“Very well,” she shouted back, motioning to Andromeda. “Both of you, come with me.”
This time, Lilith obliged, though not before saying something out of earshot to George. He snickered at whatever it was she’d shared, and began to follow the male Healer lead toward the reception counter for his own check-in. As he passed by Andromeda, though, a wicked glint touched his eye, and he murmured, “Well played, princess.”
“I don’t know why you didn’t just mentioned that before,” Mara said, dragging her and Lilith relentlessly toward the hallway. “It’s very possible that you still might not be able to see him. If they’re in the middle of the procedure, or—“
“Just tell me where he is,” Andromeda cut in sharply.
“Here,” Mara said, grinding to a halt outside a green door marked 1J on a frosted panel of glass. “I’ve had enough of surprise apparating trips and babysitting for one day. Be someone else’s problem.”
Mara rapped on the door and stuck her nose in.
“Lennox? Is he stable?”
An indecipherable voice spoke from inside.
“I’ve got a girl out here from the scene. She’s claiming to be his fiancée? Andromeda?” Mara cast an impatient glance at Andromeda. “That’s your name, isn’t it?”
The door opened further, and a red-cheeked man with a shock of white hair appeared. Andromeda nearly leapt forward, straining to get a look inside, desperate for any sign of Ted.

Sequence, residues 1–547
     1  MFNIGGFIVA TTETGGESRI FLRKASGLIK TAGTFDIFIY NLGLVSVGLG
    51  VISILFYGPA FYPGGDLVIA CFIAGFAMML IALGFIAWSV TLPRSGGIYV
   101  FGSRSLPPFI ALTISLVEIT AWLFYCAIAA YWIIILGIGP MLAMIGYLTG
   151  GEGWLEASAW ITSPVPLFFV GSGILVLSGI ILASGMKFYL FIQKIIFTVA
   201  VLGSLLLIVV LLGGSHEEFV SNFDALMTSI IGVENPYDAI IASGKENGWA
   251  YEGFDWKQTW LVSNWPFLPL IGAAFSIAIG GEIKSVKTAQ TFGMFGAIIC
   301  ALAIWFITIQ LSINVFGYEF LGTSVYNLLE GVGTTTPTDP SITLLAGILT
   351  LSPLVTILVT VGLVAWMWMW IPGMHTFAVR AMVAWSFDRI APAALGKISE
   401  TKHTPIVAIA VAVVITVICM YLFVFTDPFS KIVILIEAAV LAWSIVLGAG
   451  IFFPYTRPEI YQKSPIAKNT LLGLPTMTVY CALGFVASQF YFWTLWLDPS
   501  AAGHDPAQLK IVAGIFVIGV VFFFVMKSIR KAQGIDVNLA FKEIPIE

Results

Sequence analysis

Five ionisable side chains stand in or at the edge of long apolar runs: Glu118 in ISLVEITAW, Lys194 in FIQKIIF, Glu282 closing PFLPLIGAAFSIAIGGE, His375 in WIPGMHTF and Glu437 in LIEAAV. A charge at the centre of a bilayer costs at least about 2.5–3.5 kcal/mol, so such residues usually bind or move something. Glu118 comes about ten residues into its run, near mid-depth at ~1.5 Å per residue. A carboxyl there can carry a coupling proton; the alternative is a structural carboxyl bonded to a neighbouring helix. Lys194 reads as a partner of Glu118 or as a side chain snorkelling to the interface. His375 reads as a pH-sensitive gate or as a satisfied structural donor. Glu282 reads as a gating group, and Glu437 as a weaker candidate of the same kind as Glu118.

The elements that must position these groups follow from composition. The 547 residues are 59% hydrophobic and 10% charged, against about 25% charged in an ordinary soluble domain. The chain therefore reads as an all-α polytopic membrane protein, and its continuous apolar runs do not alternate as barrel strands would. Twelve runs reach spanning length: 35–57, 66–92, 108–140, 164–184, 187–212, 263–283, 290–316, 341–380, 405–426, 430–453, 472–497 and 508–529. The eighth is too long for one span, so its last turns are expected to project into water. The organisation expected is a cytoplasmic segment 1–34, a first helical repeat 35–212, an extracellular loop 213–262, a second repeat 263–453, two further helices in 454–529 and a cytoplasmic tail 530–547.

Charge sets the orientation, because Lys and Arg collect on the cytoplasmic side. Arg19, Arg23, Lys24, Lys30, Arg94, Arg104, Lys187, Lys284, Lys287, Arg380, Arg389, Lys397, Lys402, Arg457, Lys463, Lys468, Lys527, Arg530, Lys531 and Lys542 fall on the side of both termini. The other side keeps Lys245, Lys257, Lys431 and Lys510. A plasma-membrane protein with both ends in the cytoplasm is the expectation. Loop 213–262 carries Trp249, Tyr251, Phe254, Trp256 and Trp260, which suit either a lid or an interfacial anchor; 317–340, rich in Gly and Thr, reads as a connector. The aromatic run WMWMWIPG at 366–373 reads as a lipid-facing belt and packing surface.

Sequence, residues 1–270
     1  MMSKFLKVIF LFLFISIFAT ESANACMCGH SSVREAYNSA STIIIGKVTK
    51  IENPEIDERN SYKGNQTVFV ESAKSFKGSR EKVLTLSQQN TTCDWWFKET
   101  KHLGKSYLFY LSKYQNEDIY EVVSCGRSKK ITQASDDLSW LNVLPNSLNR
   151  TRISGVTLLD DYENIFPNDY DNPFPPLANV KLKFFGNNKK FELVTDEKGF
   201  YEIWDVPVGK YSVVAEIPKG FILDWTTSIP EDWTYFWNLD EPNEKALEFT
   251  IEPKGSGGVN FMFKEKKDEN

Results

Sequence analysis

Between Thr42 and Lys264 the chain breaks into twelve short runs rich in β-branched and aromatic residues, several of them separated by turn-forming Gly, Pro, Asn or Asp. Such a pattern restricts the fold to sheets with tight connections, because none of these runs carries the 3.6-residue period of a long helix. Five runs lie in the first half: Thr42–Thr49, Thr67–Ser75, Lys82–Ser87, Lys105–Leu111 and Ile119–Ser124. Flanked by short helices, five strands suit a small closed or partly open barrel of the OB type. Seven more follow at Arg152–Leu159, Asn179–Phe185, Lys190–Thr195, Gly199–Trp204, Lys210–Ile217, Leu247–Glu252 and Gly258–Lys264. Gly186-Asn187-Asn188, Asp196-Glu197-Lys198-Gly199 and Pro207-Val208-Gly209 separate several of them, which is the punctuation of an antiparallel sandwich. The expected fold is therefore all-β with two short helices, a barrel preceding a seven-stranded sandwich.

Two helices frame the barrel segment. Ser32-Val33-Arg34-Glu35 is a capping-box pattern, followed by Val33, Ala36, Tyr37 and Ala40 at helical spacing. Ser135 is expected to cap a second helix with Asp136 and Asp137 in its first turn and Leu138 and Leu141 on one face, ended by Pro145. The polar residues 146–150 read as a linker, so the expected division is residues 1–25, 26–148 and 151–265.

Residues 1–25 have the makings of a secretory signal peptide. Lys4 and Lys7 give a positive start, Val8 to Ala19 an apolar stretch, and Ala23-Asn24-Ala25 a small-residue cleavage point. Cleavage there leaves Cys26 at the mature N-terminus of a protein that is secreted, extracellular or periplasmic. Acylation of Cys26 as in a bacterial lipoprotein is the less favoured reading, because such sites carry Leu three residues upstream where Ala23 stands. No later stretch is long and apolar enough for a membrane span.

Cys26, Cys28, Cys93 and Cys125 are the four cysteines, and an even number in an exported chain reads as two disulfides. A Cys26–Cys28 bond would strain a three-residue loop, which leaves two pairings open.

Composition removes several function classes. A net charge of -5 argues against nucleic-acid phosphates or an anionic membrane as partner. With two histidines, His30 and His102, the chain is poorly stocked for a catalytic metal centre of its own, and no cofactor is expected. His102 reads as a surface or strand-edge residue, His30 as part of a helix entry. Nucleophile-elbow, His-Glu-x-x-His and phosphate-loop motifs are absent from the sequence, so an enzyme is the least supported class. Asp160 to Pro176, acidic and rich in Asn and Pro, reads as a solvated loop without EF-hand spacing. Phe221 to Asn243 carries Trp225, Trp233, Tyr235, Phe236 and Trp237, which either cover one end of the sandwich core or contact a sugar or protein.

“There, there, child,” said the man, closing the door behind him and standing in the threshold. “There are some things that I’d best discuss with you beforehand.”
“I’ll take that as my cue,” said Mara, hauling Lilith after her.
Lilith cast a glance back at Andromeda.
“Meet back in the lobby?” she called.
“Doubtful,” said Mara. “Once we’re through with your examinations, we’ve been instructed to send you off to the Hogwarts professor for questioning.”
Andromeda felt her attention tear in two directions as Lilith disappeared down a turn in the hallway, and the wizened Healer stood towering over her.
She chose to direct her attention back to the older man.
“I’m Healer Lennox,” he said, “and I’m terribly sorry we’re not meeting under better conditions.”
“What is it that you have to tell me?” Andromeda asked. “What do I have to know before I see him? Please, just go ahead and tell me.”
“The boy is in a fragile condition,” Healer Lennox said. “We’ve managed to tend to his bodily injuries, but it seems that Mr. Tonks also possesses metamorphmagus qualities that are rather—erratic.”
“Yes, yes, I know,” Andromeda nearly shouted. “I know all about his condition. Madame Finley has been working with us for over a month now. Ted and I are blood bound, and we’ve been doing transfusions to help stabilize him and prevent further fits.”